Dynamics of miRNA expression from the three paralogous genomic clusters encoding the miR-17-92 family members in the developing pancreas of the mouse. (a) Diagram of the genomic organisation of the miR-17-92 and miR-106b-25 clusters. miRNAs are colour coded according to seed sequences that define target specificity. (b) Relative expression levels of miR-17, miR-25 (miR-106b-25 cluster, chromosome 5), miR-20a (miR-17-92 cluster, chromosome 13) and miR-363 (miR-106a-363 cluster, chromosome X) in pancreatic buds, isolated from mouse embryos at embryonic day E14.5. Expression relative to miR-17 is shown and is normalised to the expression of the non-coding RNA U6. It is noteworthy that miR-363 is undetected. n=3. (c) miR-17, miR-20a and miR-25 expression at multiple time points in the pancreas during embryonic development. miRNA expression is normalised to U6 and to expression at E12.5. RNA for the embryonic measurements was extracted from three embryonic pancreatic buds (three embryos) for each sample. (d, e) mRNA levels of Ki67 and Top2a, two cell cycle markers (d), and of specific miRNAs (e), in sorted replicating vs non-replicating beta cells. Data are shown as mean ± SEM and expression is relative to that in non-replicating beta cells. *p<0.05 and ***p<0.001 (two-sided Student’s t test)

Expression of miR-17, miR-20a and miR-25 significantly increased at embryonic day 15 (E15.5) relative to their expression earlier in pancreas development (Fig. 1c), consistent with their reported role in cell proliferation and tissue growth. To evaluate the expression levels of the miR-17-92 clusters in adult replicating beta cells, we obtained sorted beta cells from CcnB1-GFP transgenic mice, which express eGFP in replicating beta cells [25, 26]. mRNA levels of Ki67 (also known as Mki67) and the gene encoding DNA topoisomerase II α (Top2a) were upregulated in the sorted cells, confirming that this population is indeed in the cell division cycle (Fig. 1d). The expression of miR-17-92 and miR-106b-25 clusters was upregulated in proliferating cells, while the expression of other miRNAs (miR-375, miR-127) was unchanged (Fig. 1e). Therefore, miR-17-92/miR-106b-25 are induced in dividing beta cells.

miR-17-92/miR-106b-25 involvement in endocrine function

To study miR-17-92/miR-106b-25 family function in the mouse pancreas, we crossed mice carrying the miR-17-92 conditional allele with Pdx1-Cre transgenic mice and further mated the pedigree to mice carrying the miR-106b-25 whole-body KO allele [13] (Fig. 2a). The Pdx1-Cre; miR-17-92LoxP/LoxP;miR-106-25−/− cross resulted in significant downregulation of miR-17, miR-25 and miR-20a in islets, relative to control mice (harbouring miR-17-92LoxP/LoxP;miR-106-25+/− alleles; Fig. 2b).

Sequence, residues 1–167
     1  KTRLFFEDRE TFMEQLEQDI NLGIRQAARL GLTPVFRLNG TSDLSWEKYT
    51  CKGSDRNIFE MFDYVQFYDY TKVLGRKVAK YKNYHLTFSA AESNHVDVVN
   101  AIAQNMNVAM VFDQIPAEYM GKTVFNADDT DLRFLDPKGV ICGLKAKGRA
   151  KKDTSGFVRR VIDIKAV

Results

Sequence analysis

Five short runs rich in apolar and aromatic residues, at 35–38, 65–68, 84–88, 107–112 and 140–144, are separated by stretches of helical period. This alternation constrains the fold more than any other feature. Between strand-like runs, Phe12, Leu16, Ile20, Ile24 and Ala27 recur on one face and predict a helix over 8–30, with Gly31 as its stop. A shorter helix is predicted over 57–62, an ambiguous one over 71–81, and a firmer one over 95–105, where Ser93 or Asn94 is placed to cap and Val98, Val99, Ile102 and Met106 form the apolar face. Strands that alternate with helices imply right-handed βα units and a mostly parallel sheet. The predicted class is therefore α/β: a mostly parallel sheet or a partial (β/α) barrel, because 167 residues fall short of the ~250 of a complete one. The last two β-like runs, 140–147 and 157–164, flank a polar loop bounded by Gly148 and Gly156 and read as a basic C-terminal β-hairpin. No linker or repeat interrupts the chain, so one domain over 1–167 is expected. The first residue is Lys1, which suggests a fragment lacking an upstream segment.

Fig. 2
figure2

Pancreas-specific loss of miR-17-92/miR-106b-25 impairs endocrine function. (a) Diagram of mouse genetics: miR-17-92LoxP/LoxP;miR-106b-25+/− (control) vs Pdx1-Cre;miR-17-92LoxP/LoxP;miR-106b-25−/− (miR-17-92/miR-106b-25-KO). (b) Relative expression levels of miR-17, miR-20a and miR-25 in 6-week-old KO and control mouse islets. Expression is normalised to the expression level in control tissue and to the expression of the non-coding RNA U6. n=3 mice. (c) GTT at multiple time points after glucose i.p. bolus (2 mg/g) in 6-month-old mice. miR-17-92/miR-106b-25-KO mice develop glucose intolerance, relative to control littermates. n=15 mice. (d) Area under the GTT curve shows an increase in the integrated sum of the blood glucose levels in the miR-17-92/miR-106b-25-KO vs control mice. (e) Representative micrograph of insulin immunohistochemistry in control and miR-17-92/miR-106b-25-KO mouse pancreases counter-stained with haematoxylin. Scale bar, 1000 μm. (f) Beta cell mass calculated as the fraction of insulin-positive area in consecutive sections spanning the entire pancreas (approximately 35 sections/pancreas) and multiplied by the pancreas mass in 4-month-old mice. n=5 mice. (g) ELISA measurement of insulin after ethanol extraction from whole pancreases of 4-month-old mice. n=5 mice. (h) Plasma insulin levels in peripheral blood before (0) or 15 min after i.p. injection of glucose (2 mg/kg) revealed reduced insulin secretion in 4- to 6-week-old KO mice relative to control mice. n=7 (control) or 10 (KO) mice. (i) Insulin secretion in isolated cultured islets of Langerhans, 60 min after low (2.5 mmol/l) or high (20 mmol/l) glucose stimulation, relative to total islet insulin. KO islets exhibit impaired response to glucose stimulus. n=5 mice. Data are presented as mean ± SEM. Except for (h) and (i), grey circles and bars, control mice; purple squares and bars, miR-17-92/miR-106b-25-KO mice. Significance was assessed with two-sided Student’s t test. *p<0.05, **p<0.01 and ***p<0.001. For (c) significance was calculated for the comparison between KO and control mice at different time points. miR-17-92cond, miR-17-92conditional; miR-106b het, miR-106-25 heterozygous; miR-106b KO, miR-106b-25 KO